When we have unrealistic expectations in marriage (or anyplace else), we set ourselves up for more than just disappointment. Because it’s unlikely that our spouse will ever be able to meet them, our disappointment can fester and transform into other more defeating emotions and choices.
Persistent disappointment can lead to stress, frustration, anxiety, sadness, despair, anger, and eventually a decision to give up on the marriage. The choice to end things after persistent disappointment is often seen as the only answer because our unrealistic expectations can make it seem as if we fell for the wrong person.
The opportunity in unmet expectations
“Peace begins when expectation ends.” – Sri Chinmoy
However, if you have unmet expectations, that doesn’t necessarily mean your expectations are unrealistic or unable to be met.
Begin exploring your expectations on your own. Look at the list above and see if you’re your expectations are similar to any of them. If they are, chances are you’re harboring some unrealistic expectations about yourself, your spouse or your relationship. And you have the opportunity to set more realistic expectations.
If, on the other hand, your unmet expectations don’t seem similar to those listed above, talk with your spouse about your expectations and hers/his. By doing so, you open the door to begin working together to resolve the issues.
We all have expectations about how things should be in our life – including our marriages. Sometimes our expectations are met and sometimes they’re not. And we feel disappointed when they’re not met regardless of whether our expectations are realistic or not.
Since unrealistic expectations in a marriage are involved in nearly half of all divorces, if you’re struggling with an unhappy marriage, it’s time to evaluate your expectations and invite your spouse to do the same. It’s only by getting realistic about what you expect from each other that you’ll be able to address the disappointments before they fester.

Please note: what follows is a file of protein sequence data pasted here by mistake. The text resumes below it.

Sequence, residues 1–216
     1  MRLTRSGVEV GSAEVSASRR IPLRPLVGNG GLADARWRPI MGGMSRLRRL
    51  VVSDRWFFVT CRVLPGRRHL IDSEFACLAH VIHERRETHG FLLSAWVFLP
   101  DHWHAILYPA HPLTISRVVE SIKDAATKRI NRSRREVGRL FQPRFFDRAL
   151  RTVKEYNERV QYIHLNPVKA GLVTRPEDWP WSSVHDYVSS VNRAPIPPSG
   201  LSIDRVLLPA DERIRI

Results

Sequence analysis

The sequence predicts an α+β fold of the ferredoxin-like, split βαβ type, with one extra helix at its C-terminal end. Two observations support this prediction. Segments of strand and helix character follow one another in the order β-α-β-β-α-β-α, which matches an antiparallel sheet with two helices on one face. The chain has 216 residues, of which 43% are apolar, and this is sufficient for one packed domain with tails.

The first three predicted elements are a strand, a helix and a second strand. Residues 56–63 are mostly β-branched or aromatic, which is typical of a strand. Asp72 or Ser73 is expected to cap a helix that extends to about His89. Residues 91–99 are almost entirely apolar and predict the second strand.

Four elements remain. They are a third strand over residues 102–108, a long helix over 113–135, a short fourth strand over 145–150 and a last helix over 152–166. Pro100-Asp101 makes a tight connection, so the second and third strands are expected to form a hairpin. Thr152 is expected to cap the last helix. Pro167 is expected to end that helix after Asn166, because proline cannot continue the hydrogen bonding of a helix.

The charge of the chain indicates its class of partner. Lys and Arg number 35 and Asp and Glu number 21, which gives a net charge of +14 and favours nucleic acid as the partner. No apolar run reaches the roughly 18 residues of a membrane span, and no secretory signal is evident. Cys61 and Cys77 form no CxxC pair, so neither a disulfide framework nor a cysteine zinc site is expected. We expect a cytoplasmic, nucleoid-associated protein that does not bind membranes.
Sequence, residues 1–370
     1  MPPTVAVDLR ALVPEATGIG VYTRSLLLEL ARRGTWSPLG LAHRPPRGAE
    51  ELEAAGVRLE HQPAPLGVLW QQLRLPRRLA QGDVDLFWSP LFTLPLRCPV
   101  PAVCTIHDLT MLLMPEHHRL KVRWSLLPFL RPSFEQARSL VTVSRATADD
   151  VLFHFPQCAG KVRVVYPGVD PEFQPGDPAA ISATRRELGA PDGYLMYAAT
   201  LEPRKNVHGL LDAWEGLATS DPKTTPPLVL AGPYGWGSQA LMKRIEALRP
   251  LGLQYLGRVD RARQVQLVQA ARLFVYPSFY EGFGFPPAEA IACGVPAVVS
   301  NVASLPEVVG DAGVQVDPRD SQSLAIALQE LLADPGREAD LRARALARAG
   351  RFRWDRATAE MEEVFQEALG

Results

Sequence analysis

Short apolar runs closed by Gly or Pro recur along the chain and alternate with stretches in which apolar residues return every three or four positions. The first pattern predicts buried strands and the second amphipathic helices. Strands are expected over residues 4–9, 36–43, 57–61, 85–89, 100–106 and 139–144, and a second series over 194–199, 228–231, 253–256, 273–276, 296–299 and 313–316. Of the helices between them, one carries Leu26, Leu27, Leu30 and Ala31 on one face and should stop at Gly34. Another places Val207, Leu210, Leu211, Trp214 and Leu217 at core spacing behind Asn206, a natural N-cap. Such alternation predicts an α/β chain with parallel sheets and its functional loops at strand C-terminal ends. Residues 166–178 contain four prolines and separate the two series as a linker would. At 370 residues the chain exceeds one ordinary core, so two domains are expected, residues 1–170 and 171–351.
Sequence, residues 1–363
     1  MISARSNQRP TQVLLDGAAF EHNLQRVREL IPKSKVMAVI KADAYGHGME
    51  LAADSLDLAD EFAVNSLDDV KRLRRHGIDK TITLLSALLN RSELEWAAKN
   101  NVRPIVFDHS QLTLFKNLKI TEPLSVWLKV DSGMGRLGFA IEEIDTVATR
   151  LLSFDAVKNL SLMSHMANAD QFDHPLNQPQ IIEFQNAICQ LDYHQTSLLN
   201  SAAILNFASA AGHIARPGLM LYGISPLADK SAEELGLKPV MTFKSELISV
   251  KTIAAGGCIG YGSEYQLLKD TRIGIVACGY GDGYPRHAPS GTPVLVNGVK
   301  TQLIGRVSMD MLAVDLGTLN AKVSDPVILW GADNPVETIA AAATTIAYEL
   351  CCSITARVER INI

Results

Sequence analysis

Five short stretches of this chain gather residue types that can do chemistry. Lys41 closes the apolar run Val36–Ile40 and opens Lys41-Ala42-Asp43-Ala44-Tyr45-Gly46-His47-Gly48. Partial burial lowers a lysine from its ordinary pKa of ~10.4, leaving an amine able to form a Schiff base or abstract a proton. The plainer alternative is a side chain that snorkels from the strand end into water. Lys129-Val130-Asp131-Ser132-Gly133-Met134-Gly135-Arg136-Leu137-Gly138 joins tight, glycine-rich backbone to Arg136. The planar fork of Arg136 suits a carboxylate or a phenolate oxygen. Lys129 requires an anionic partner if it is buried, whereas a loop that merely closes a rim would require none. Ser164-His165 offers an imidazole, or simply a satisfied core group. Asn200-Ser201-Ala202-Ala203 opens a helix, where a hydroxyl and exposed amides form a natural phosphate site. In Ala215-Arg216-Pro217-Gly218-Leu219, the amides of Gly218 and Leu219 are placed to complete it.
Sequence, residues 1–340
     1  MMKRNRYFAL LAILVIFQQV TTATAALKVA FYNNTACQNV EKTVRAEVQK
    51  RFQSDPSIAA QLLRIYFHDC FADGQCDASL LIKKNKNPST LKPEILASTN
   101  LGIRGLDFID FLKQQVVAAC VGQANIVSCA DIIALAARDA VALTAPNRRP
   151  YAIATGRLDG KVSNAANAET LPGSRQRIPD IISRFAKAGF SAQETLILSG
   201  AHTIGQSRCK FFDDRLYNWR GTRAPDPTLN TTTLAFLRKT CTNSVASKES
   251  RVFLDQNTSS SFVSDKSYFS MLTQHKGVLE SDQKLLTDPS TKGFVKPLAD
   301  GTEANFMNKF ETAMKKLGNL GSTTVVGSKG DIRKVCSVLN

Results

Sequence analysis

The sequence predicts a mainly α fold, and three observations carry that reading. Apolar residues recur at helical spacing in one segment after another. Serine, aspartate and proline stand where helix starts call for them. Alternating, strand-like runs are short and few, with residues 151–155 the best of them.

Here’s an interesting video that you may like:
“Expect much from yourself and little from others and you will avoid incurring resentments.” – Confucius
A healthy, lasting marriage requires you and your partner to talk about your individual expectations, understand each other and honestly communicate your emotions & differences. Having impossible expectations from your partner can often lead to regular conflict and passive-aggressive behavior which can create a lot of distance in the relationship.
When it comes to expectations, you should start by having the highest expectations from yourself. When you invest in your self-development and building the relationship, the marriage will get stronger. Explore your expectations from the marriage and from your partner and make sure they are realistic and healthy. Then communicate your expectations to your partner while knowing they are not obligated to meet your expectations. Once you realize this, you will take charge for your own happiness and both partners will bring in positive vibes and happiness into the marriage.
I’m Dr. Karen Finn, a divorce and life coach. If you would like additional help healing after a divorce or breakup, I can help. You can join my newsletter list for free weekly advice. And, if you’re ready, you can take the first step toward working with me as your personal coach by scheduling a private consultation.
Looking for more information about healing after a divorce or breakup? Check out the other articles in Healing After Divorce.
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